31P NMR has also been used to investigate the differences in phosphorous-containing molecules between buffalo milk, milk ultrafiltrate and milk fat. For comparison, corresponding data for cow milk samples were obtained, with identification of resonances correlating to glycerophosphorylcholine, glycerophosphorylethanolamine, inorganic orthophosphate, serylphosphate residues of casein, phosphocreatine, N-acetylglucosamine-1-phosphate, glucose-6-phosphate, galactose-1-phosphate, phosphorylethanolamine, phosphorylcholine, glycerol-1-phosphate, phosphatidylcholine, phosphatidylethanolamine, phosphatidylserine, sphingomyelin, and phosphatidylinositol [53]. Although the authors concluded that there was little difference between cow and buffalo milk with respect to the identity of small phosphorous-containing molecules, it would have been interesting to extend this study to include a larger set of animals (more than two of each) and determine if there was variation in the quantities of these molecules.

The use of 31P NMR techniques (along with alternative methodologies) for the analysis of milk lipids has been discussed in a recent review and was recognized as a significant technique by the authors, although one that requires “more detailed studies to be accurately applied for the determination of PL (phospholipids) composition of dairy products” [54]. As indicated by the studies described here, there is great potential for the 31P technique to be used as an analytical platform for metabolomic analyses, as is now becoming routine for 1H NMR spectral data.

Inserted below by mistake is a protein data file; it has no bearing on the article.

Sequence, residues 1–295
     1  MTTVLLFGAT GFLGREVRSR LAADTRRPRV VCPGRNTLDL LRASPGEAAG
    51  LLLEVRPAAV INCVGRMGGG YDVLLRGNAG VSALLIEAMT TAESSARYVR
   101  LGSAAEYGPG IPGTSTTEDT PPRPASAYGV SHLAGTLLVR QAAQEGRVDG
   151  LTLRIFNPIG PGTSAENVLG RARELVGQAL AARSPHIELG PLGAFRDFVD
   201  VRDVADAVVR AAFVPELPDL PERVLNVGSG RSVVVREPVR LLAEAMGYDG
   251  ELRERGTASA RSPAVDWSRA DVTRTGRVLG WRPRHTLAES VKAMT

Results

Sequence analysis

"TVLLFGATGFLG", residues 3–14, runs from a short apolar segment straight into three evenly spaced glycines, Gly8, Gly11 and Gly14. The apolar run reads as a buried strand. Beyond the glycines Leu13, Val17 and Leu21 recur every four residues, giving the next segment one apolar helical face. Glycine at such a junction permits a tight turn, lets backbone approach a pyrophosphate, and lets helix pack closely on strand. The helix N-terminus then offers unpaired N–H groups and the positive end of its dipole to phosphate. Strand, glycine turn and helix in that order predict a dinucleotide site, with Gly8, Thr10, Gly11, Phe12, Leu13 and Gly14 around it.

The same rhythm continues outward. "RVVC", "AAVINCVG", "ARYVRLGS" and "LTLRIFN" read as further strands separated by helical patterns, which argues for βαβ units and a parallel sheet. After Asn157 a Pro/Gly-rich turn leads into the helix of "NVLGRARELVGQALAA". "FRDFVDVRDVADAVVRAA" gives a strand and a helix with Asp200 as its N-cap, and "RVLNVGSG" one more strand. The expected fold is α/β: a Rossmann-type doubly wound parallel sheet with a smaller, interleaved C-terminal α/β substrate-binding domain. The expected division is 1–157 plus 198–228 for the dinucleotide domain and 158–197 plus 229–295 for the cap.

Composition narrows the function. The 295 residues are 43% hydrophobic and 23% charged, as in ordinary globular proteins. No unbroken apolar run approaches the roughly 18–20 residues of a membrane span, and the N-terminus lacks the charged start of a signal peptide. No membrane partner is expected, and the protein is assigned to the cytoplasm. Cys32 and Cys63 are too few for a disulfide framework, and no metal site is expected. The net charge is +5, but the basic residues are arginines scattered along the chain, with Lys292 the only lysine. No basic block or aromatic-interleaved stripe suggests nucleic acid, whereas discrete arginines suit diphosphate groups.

4. Conclusion

Improvements in both analytical methodologies and data handling have led to an increased interest in applications, such as metabolomics, in the dairy industry. Although this review has focused on NMR, other techniques, such as GC-MS, LCMS (liquid chromatography mass spectrometry), NIR and FTIR, (Fourier transform infrared spectroscopy) have been used extensively in dairy related studies. Indeed, a recent review in this area led the authors to suggest that coupling the data from these multiple platforms via chemometric techniques may lead to greater insights than possible via a single technique [55]. The utility of NMR for dairy research has been demonstrated in many and diverse applications; from studies centring on the analysis of the physico-chemical properties of milk and milk products, through metabolomics analysis linking milk and blood metabolic signatures, to metabolome-genome-wide association analyses to understand the heritability of certain milk factors. Whether employed in conjunction with other analytical techniques or not, it seems certain that NMR will continue to be used in the dairy industry and bring new insights for product stability and development, provenance determination and animal health and wellbeing.

Author Contributions

The authors jointly designed and defined the focus of this review.

Conflicts of Interest

The authors declare no conflict of interest.